"A Visit From the Goon Squad" by Jennifer Egan
A faultless feat of postmodernism, Rory says. Incendiary! Symphonic!
"The Buddha In the Attic" by Julie Otsuka
This novella tells the harrowing story of Japanese picture brides in the early 1900s. Rory finished the slim book by the end of her second cup of morning coffee, but its haunting effects were longer lasting.
"And So It Goes: Kurt Vonnegut: A Life" by Charles J. Shields
Because what's more hardcore-writerly than a writer reading another writer's account of another writer's life?
"The Goldfinch" by Donna Tartt
Hate on Tartt all you will, but Rory definitely ordered an advanced copy of this 11-years-in-the-making Pulitzer Prize winner, and attended a couple readings to boot.
"Blue Nights" by Joan Didion
Unless they're written by a historical figure — say, Benjamin Franklin or Gertrude Stein — Rory isn't likely to go for a straight-up memoir (although pseudo-autiobiographies, like "The Bell Jar," do make her list). If it's written by someone like Dunham or Didion, though, she'll make an exception.
"Between the World and Me" by Ta-Nehisi Coates
Coates, a journalist at The Atlantic and winner of the prestigious MacArthur Genius Award, wrote this 2015 book as a letter to his teenage son about the realities of being Black in the United States, drawing partly from his own youth in Baltimore. Coates' work is a highlight of Rory's literary journalism collection, for sure.
"Home" by Toni Morrison
Because, let's be real, Rory would dismiss this list as incomplete if Morrison wasn't on it.
"Half the Sky: Turning Oppression into Opportunity for Women Worldwide" by Sheryl WuDunn and Nicholas Kristof
The husband-and-wife team are former New York Times reporters who conducted this sweeping study on the oppression of women and girls in the modern developing world — and are Rory's peak #relationshipgoals.
"How Music Works" by David Byrne
Lane probably loaned her this one.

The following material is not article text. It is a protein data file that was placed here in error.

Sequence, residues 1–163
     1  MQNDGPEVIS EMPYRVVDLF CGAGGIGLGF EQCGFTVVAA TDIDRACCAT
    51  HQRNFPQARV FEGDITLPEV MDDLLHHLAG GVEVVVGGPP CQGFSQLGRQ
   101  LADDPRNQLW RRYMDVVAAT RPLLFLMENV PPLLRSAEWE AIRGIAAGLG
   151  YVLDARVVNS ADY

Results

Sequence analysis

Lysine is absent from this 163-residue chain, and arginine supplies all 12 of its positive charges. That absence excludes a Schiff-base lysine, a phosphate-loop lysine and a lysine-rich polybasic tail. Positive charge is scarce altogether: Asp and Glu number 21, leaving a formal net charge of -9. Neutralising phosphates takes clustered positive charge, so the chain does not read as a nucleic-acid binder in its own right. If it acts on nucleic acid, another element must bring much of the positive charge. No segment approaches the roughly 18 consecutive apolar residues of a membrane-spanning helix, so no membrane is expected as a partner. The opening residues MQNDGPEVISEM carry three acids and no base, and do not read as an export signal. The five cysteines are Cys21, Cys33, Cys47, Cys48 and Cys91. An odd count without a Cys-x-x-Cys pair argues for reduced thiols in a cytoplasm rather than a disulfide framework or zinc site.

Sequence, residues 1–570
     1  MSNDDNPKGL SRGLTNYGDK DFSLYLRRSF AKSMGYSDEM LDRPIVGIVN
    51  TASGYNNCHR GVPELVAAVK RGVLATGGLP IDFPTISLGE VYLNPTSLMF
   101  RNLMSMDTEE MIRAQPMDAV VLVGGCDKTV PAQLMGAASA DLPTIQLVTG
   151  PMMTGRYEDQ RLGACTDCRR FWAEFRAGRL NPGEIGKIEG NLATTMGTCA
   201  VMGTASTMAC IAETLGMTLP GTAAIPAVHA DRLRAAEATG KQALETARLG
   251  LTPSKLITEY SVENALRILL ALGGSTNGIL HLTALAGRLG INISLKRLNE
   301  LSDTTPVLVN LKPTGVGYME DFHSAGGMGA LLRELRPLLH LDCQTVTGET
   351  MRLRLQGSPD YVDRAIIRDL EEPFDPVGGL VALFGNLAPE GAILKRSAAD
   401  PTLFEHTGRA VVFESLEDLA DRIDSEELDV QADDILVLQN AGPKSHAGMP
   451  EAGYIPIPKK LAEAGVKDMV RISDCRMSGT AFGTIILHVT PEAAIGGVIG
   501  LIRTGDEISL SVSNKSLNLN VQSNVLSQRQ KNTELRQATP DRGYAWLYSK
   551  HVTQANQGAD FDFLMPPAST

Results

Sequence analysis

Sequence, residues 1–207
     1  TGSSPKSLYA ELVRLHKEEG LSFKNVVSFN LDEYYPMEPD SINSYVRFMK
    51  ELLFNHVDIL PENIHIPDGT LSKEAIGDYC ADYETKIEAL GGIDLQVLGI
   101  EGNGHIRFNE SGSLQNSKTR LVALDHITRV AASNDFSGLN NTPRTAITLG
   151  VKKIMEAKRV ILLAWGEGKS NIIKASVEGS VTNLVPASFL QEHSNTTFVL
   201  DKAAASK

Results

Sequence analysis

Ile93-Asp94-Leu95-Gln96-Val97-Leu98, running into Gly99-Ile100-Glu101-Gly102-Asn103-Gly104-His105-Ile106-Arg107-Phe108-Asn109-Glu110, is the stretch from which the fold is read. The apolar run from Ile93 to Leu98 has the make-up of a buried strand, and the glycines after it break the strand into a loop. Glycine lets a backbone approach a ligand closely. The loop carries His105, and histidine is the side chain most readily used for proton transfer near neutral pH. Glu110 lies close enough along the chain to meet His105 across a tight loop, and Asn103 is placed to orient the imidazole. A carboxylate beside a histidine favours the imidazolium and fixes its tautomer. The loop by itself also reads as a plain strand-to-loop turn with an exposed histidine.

"The Immortal Life of Henrietta Lacks" by Rebecca Skloot
Again, any highly praised book that is also a work of journalism WILL be on Rory's bookshelf, without exception.
"The Marriage Plot" by Jeffrey Eugenides
"It was no 'Middlesex,'" Rory would sigh upon being asked her opinion (or, more likely, self-electing to offer it up). "It didn't measure up to 'The Virgin Suicides' either, for that matter. But it had its poignant moments."
"All the Light We Cannot See" by Anthony Doerr
Overly sentimental, is Rory's opinion. Though she can still acknowledge its merit as a masterful example of historical fiction.
"The First Bad Man" by Miranda July
You just know Rory's copy of "No One Belongs Here More Than You" is dog-eared and scribbed in AF. So when July announced the publication of her debut novel in 2015, of course she was first in line to buy it.
"MaddAddam" by Margaret Atwood
Because obviously. Rory must've freaked when she found out the series was being adapted into an HBO show. (On a semi-related note, TV culture has changed SO MUCH since 2007. I feel certain there'll be some Netflix binge-watching references from Lorelai and Rory in the revival, and it'll be kinda jarring to hear.)
"Boy, Snow, Bird" by Helen Oyeyemi
Oyeyemi is a modern-day Emily Dickinson in Rory's book. She also loves the gothic tropes of the author's 2009 work, "White Is for Witching."
"Fifty Shades of Grey" by E. L. James
Actually, she might have read for this. Purely for cultural anthropological research reasons, you understand. And by that I mean, researching inside her underwear, amirite? *high fives no one in particular*